A Chelsea supporter was detained by police yesterday after a Belgian fan was stabbed during fighting in Bruges during fighting that broke out before the London club's European Cup-Winners' Cup quarter-final first leg against Club Bruges. The victim was taken to hospital but was only slightly injured.
Belgian police said the incident took place a few hundred yards away from the Olympiastadion and within hours of the kick-off of the potentially high-risk tie despite a conspicuous police presence.
About 40 Chelsea fans had been detained in the town earlier in the day after they had been found not to have valid tickets for the match. Police turned back a number of fans at the port of Ostend after the Belgian interior minister ruled that those not having a match ticket could be deported. An Ostend police spokesman said: "Many of them had forged tickets for the game, others had no ticket at all."
Nearly 500 English fans hadbeen sent home by that stage. Police said some 90 Chelsea supporters had been arrested since Sunday, and three Germans with possible extremist links were also being held. The English fans were arrested mainly for vandalism and drunkenness. "Some smashed up their hotel room," a police spokeswoman said.
The Germans who were arrested came from Hanover and were suspected of being members of a hard-core hooligan gang called "the Head Hunters," the chief commissioner of the Bruges police, Roger De Bree, said.
This was the first overseas trip for English football fans since rioting forced the abandonment of a friendly international between the Republic of Ireland and England in Dublin this month.
A police spokesman said no other new violent incidents had been reported. Bruges, known as the "Venice of the North" because of its canals was crammed with police patrols, some on horseback, and a police helicopter flew over the centre of the town to film any incidents or trouble makers.
Dozens of Chelsea fans, most of them holding glasses of beer and some clearly drunk, were standing quietly outside pubs. A Chelsea football club flag unfurled in front of a statue in one of the main market squares was quickly put away when one of the police patrols approached the fans.
Inhabitants of Bruges and holidaymakers seemed undeterred by the presence of the English fans and police on the streets and went about their business as usual. Commissioner De Bree, admitted it was much too early to say whether their measures worked. "I won't relax before tomorrow midday," he said.
They had been presented with some unexpected problems. For instance, on Monday they had to eject about 30 English supporters who had sneaked in to the Olympiastadion, possibly with the intention of hiding themselves in the ground in an attempt to watch the match without paying for a ticket.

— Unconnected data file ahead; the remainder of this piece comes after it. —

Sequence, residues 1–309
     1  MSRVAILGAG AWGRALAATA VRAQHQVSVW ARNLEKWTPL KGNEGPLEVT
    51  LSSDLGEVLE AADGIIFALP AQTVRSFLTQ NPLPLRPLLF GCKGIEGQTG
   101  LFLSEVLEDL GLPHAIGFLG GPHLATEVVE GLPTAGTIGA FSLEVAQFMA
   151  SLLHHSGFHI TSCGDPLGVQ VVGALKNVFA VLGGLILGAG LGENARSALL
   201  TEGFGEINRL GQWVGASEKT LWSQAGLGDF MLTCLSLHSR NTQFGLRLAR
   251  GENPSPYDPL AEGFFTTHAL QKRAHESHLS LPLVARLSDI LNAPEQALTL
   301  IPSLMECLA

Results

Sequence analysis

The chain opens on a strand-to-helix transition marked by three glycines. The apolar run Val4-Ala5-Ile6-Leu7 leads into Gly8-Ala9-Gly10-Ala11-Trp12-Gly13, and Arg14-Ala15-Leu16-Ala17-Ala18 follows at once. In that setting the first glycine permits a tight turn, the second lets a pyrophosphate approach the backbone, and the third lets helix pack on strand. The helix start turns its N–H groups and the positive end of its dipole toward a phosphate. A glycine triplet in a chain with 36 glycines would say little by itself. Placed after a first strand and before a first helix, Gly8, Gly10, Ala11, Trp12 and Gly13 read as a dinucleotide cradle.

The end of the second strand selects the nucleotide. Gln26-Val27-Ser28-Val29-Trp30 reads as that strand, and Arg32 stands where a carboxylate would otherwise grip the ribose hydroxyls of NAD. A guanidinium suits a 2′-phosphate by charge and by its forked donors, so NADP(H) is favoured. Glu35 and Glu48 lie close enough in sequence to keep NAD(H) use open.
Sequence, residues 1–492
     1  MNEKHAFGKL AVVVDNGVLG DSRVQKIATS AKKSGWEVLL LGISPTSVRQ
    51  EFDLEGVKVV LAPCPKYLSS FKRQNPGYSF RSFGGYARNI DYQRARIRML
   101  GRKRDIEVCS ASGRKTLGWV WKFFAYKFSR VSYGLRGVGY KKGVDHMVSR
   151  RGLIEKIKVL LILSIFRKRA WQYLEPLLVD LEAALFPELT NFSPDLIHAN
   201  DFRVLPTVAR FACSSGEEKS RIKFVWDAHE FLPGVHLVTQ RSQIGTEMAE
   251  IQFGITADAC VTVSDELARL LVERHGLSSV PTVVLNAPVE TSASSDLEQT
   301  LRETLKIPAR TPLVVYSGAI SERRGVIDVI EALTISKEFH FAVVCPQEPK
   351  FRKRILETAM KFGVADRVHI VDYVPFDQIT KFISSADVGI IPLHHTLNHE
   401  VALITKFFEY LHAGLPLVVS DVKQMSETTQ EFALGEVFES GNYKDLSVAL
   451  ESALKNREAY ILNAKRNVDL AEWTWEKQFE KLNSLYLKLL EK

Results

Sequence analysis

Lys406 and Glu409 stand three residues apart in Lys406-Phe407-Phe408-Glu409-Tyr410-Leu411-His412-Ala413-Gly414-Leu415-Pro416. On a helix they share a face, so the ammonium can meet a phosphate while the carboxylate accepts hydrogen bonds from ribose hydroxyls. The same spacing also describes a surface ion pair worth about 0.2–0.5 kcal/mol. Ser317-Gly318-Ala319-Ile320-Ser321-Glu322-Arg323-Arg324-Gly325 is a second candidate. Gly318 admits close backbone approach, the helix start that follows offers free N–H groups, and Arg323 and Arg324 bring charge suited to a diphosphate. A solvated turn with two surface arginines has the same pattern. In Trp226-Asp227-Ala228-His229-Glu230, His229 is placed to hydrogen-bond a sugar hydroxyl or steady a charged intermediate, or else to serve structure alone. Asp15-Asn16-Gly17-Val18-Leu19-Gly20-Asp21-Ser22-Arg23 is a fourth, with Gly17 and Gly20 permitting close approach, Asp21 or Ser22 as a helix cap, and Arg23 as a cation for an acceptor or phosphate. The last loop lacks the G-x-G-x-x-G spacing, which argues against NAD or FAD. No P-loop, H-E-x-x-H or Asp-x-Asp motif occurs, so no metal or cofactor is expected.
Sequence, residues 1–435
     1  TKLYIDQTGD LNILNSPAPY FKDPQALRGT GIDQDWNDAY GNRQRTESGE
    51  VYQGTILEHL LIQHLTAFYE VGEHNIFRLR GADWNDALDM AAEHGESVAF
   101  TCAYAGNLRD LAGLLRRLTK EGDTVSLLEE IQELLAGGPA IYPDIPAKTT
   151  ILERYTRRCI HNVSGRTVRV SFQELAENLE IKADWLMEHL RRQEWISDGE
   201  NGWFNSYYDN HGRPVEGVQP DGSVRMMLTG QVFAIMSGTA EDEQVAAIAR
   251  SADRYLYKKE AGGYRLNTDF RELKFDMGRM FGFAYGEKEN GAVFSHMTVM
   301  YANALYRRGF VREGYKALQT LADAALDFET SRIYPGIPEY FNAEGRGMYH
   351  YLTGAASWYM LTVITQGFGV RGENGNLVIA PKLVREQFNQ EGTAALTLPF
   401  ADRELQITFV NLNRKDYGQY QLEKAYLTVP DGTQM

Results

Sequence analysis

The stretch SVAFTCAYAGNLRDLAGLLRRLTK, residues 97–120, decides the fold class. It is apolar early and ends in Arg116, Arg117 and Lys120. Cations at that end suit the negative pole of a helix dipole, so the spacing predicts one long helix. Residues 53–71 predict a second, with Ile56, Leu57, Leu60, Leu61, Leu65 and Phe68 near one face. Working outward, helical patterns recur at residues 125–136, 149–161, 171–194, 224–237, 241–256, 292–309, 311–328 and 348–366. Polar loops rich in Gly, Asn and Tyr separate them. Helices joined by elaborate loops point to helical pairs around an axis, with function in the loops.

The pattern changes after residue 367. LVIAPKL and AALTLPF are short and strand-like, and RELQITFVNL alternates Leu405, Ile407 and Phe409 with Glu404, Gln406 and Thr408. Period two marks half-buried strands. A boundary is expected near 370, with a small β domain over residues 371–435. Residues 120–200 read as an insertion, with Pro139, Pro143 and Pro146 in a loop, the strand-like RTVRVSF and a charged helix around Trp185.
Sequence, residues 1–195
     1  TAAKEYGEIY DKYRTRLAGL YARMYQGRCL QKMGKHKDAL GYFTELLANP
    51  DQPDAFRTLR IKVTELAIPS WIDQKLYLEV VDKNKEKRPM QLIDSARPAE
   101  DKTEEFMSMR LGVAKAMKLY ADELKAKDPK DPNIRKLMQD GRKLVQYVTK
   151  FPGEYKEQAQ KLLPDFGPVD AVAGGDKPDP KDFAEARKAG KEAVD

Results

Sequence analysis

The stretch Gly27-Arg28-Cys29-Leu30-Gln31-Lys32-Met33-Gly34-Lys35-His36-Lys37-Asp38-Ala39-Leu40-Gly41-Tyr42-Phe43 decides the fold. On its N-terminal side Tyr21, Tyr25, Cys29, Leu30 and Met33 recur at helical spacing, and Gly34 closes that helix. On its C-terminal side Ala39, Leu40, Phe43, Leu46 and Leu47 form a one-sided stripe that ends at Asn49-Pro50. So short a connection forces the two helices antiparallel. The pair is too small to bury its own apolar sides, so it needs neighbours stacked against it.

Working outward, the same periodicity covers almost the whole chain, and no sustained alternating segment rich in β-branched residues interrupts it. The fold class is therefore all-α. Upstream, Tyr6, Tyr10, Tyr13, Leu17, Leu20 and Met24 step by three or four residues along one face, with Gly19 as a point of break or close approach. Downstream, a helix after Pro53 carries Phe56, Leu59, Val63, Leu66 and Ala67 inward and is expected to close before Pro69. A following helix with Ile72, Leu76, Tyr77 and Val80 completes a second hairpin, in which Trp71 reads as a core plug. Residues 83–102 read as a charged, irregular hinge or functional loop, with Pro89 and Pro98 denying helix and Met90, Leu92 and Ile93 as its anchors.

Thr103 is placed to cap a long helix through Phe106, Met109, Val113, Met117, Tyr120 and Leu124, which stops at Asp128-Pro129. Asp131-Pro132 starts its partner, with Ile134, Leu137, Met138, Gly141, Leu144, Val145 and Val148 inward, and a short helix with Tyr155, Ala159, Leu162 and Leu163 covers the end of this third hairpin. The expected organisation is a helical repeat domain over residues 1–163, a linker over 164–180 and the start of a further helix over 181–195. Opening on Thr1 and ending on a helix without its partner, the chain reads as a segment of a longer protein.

Chelsea were allocated 2,162 tickets for the game and most of those fans travelled with the official party through the French port of Calais, to be transported by coach to Bruges. Police planned to escort them from the moment they arrived until their departure, which was scheduled for last night, soon after the match finished.
Serge Muhmenthaler, the Swiss match referee, relieved the authorities of further potential complications by declaring the previously waterlogged Olympiastadion pitch playable after a morning inspection.
Problems involving English fans are a sensitive issue in Belgium, following the Heysel stadium tragedy, 10 years ago in May, when crowd trouble before Liverpool's European Champions' Cup final against Juventus left 39 people dead.
After the problems in Ireland had signalled an apparent return of hooliganism among English travelling fans, Belgian police started their planning early and vowed to be ready for any trouble that might develop. They drew up plans that involved mobilising more than 500 officers, and in addition, Chelsea were supplying 78 stewards to monitored their official party of supporters.
The Football Association had hoped that the Chelsea match would pass off without incidents to take the wind out of those critics who had begun to question whether next year's European Championship should go ahead as planned in England.
Tensions rose over the weekend when it became clear some 800 forged tickets for the game had been sold in England. This could compromise segregation inside the stadium, which is an essential element in policing. After the riot in Dublin, the police in Belgium had to be sure that they could prevent opposing fans from being mixed together in the stands. Events immediately before the match had done nothing to discourage that view.
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